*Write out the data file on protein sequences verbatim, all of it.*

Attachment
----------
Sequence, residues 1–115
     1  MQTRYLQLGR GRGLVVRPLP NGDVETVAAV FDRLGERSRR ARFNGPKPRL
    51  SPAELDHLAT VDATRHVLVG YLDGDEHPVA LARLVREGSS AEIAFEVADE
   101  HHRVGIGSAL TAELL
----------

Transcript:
Sequence, residues 1–115
     1  MQTRYLQLGR GRGLVVRPLP NGDVETVAAV FDRLGERSRR ARFNGPKPRL
    51  SPAELDHLAT VDATRHVLVG YLDGDEHPVA LARLVREGSS AEIAFEVADE
   101  HHRVGIGSAL TAELL